Ergogenics: Caffeine – Part Two

coffeeThe previous article discussing the ergogenic effect of two different dosing protocols of caffeine involved looking at men and leg performance. This update looks at the upper body strength of women, specifically the bench press. For those interested, the full study can be found online for free here.

This study published in the JISSN did not want to assess the difference on performance of different caffeine doses, the researchers just wanted to assess if there was any difference at all using a 6mg/kg dose. Much like the study in the previous update, fifteen participants were used. The women involved were all experienced with resistance training, which I find a significant factor. The women attended three sessions, the first to establish baseline, and then two more where they were either given the caffeine or a placebo in random fashion sixty minutes before activity.


As the table above shows, the women noted an increase in their bench press maximum, but noticed no difference in what the researchers referred to here as muscular endurance. This was their ability to press sub-maximal loads in the region of 60% of their one rep max lifts. Or in other words, caffeine helped them push themselves to their limits, but offered no benefit for a more casual set.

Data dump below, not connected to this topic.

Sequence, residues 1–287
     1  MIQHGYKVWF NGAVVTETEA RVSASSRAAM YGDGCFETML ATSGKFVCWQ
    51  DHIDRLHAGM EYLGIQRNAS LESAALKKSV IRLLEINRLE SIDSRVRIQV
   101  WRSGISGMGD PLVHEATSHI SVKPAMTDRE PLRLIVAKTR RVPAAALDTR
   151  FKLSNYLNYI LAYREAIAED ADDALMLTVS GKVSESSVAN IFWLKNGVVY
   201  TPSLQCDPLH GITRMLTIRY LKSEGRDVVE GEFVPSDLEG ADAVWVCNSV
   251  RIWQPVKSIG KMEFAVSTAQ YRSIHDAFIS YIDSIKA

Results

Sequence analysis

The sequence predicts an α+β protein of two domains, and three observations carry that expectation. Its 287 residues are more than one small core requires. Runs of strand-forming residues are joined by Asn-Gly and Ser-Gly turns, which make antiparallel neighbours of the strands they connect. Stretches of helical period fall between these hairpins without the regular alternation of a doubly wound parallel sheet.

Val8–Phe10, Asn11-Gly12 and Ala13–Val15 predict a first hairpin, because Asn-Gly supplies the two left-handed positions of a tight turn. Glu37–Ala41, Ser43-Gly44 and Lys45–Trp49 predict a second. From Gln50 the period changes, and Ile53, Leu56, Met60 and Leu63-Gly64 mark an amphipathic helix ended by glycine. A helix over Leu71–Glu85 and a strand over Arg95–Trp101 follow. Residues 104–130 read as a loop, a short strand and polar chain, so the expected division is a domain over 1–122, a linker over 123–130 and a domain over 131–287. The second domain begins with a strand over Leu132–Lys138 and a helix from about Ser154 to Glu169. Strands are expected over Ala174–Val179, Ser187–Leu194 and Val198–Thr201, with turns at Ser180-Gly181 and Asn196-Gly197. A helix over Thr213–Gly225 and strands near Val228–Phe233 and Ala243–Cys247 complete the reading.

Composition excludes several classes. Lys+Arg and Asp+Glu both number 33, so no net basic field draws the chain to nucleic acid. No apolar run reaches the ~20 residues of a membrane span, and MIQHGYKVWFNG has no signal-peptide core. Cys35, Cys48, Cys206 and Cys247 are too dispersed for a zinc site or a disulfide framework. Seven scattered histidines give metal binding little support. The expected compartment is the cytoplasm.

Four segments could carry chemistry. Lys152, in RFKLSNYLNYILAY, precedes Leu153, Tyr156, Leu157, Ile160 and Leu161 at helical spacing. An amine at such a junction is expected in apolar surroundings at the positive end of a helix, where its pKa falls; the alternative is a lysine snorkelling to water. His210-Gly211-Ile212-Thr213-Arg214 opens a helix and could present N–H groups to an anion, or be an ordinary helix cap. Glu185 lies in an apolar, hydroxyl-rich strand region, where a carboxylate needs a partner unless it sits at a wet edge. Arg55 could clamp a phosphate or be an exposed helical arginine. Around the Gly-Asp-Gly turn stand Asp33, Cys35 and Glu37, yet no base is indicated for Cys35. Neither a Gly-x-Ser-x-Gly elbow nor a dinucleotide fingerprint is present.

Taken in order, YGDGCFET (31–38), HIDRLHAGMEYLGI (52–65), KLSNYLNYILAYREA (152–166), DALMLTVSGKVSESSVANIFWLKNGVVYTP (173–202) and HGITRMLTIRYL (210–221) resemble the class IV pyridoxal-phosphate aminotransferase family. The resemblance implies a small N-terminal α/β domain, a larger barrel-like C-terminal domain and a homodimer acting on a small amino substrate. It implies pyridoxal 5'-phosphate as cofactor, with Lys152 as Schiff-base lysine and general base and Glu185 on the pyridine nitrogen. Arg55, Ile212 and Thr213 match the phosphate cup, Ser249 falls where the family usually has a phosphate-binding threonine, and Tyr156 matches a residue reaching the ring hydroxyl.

Like I concluded in the previous article, I personally find this dose quite high, so if you plan to try it, make sure you have some sort of basic caffeine tolerance built up before embarking on such a large acute intake.

Source: Goldstein E, Jacobs PL, Whitehurst M, Penhollow T, Antonio J. Caffeine enhances upper body strength in resistance-trained women. J Int Soc Sports Nutr. 2010 May 14;7:18.

About the Author

Matt Cahill has worked extensively in the nutritional supplement field, and is the former CEO of Designer Supplements. During his time in the field has researched and developed prohormones, testosterone boosters, and other related compounds, both for his own company and others.